Manitobans hoping to score cheap flights with NewLeaf Travel Company will have to wait, as the new discount airline has been grounded while its licensing is under review.

NewLeaf has postponed its plans to begin operations in February and will refund any reservations while the Canadian Transportation Agency reviews the licensing of indirect air service carriers.

Company CEO Jim Young said the airline aims to resume taking reservations in the spring, and it would refund all current credit card charges so customers could make alternative travel arrangements.

"We'll be back and we'll be stronger than ever, and I think our customers will hopefully appreciate that," Young told reporters at the company's headquarters in Winnipeg on Monday afternoon.

While NewLeaf hopes customers will book with the airline again, frequent travellers like Karen and Brian Cinq-Mars say they'll probably hold off at this point.

The couple said they had looked into booking flights to Kelowna, B.C., through NewLeaf Travel.

"I would probably hesitate … because just the uncertainty, so I wouldn't go ahead and put money on them," Brian Cinq-Mars said at James Armstrong Richardson International Airport.

Other travellers like George Jackimec say they'll still book with NewLeaf once the airline takes flight.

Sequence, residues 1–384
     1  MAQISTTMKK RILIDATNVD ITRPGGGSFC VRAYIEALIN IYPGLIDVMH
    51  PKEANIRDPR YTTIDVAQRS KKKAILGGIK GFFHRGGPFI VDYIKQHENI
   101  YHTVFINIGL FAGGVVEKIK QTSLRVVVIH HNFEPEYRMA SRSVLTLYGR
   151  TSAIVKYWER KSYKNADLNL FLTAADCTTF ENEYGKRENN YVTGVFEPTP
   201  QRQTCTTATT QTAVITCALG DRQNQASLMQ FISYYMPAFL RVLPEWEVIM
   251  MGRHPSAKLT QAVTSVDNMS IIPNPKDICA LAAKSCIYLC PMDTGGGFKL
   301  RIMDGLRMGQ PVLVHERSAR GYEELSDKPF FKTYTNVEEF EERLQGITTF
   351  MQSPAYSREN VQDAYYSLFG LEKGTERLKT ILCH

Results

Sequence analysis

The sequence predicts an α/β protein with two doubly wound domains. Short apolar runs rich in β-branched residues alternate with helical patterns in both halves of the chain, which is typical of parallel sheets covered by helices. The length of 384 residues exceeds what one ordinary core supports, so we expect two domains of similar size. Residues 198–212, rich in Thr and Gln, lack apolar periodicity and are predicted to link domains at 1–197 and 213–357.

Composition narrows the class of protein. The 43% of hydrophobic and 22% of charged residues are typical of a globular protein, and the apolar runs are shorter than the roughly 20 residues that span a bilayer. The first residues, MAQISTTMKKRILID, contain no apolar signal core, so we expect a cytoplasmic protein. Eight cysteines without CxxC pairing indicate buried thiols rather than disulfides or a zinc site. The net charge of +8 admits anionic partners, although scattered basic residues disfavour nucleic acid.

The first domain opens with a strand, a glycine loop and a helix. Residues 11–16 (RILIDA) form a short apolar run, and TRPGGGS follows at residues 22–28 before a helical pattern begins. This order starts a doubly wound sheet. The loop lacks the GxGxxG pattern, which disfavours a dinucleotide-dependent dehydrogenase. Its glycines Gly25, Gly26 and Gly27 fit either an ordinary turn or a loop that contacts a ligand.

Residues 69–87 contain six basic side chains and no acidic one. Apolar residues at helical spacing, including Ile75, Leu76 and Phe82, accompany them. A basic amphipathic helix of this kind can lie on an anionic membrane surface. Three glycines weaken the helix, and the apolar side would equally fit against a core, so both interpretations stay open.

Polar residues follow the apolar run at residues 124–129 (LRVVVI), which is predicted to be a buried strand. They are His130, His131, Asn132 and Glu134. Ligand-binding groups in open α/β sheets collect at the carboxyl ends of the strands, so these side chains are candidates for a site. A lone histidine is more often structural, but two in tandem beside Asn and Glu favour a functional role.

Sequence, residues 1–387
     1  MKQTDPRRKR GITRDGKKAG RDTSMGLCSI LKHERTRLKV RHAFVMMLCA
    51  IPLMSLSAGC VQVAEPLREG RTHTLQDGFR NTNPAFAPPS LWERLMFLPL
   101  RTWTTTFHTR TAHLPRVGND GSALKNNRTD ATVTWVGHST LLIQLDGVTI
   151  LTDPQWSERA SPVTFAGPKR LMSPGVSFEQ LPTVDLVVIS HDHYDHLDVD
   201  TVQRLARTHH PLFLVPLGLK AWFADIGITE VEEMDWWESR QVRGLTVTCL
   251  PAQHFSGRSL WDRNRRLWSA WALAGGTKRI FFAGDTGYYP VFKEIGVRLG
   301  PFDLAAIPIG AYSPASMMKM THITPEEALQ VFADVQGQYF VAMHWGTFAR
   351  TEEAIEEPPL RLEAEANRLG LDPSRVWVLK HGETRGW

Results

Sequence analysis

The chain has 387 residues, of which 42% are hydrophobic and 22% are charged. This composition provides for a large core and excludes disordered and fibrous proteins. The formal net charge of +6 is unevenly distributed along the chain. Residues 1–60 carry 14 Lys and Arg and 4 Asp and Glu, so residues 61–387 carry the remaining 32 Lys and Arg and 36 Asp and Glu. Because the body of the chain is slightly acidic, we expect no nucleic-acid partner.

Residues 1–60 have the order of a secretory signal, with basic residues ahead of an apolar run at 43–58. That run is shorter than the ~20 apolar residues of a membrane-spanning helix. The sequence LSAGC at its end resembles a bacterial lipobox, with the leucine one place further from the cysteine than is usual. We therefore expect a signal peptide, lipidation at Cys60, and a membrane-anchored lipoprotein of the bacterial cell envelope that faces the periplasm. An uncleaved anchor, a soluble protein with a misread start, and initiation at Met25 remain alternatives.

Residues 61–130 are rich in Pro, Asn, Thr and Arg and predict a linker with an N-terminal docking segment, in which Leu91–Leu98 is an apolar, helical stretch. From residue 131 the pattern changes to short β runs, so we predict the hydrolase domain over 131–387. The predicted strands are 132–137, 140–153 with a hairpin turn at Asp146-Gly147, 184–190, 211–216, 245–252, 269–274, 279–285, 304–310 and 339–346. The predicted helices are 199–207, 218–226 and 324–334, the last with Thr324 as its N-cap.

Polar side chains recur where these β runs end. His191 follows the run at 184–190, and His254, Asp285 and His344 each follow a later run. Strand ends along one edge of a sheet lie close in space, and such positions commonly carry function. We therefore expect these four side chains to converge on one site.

"A lot of the other airlines are a lot more expensive and a lot of people … maybe not so much now, but they used to go to Grand Forks to catch their flight, so it's sort of helping to keep things more localized," Jackimec said.

Young said the fledgling airline had been seeing huge demand and had thousands of bookings. Everyone who have already booked should get a refund within the next 72 hours, he added.

'We want to get back in the air,' says CEO

NewLeaf had a charter arrangement with Kelowna-based Flair Airlines Ltd., with Flair holding the CTA operating licence, while NewLeaf sold the seats.

Karen and Brian Cinq-Mars

Karen, left, and Brian Cinq-Mars prepare to travel from the Winnipeg airport late Monday. The frequent travellers said they had looked into booking flights to Kelowna, B.C., through NewLeaf Travel. (CBC)

The transportation agency is reviewing whether persons who do not operate any aircraft, but market and sell air services to the public, should be required to hold a licence directly.

"We encourage the CTA to complete their work, and we stand by to help them understand our side of the business in order for them to make a determination as soon as possible," Young said.

"We want to get back in the air."

A spokesperson for the Canadian Transportation Agency told CBC News Monday evening that it has been conducting the review since the fall.